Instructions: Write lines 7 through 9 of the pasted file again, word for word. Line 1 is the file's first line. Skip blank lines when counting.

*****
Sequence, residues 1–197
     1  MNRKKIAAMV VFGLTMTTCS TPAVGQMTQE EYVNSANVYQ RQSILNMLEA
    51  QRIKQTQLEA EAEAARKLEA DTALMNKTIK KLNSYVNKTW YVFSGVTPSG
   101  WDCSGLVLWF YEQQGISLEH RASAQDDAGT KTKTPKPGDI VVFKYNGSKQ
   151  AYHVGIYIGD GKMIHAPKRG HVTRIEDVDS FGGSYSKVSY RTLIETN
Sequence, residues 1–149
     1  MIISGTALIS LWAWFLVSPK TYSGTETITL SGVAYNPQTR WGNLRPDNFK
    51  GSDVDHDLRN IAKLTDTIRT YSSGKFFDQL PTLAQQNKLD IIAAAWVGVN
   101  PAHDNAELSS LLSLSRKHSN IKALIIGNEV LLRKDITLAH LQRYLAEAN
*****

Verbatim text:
     1  MIISGTALIS LWAWFLVSPK TYSGTETITL SGVAYNPQTR WGNLRPDNFK
    51  GSDVDHDLRN IAKLTDTIRT YSSGKFFDQL PTLAQQNKLD IIAAAWVGVN
   101  PAHDNAELSS LLSLSRKHSN IKALIIGNEV LLRKDITLAH LQRYLAEAN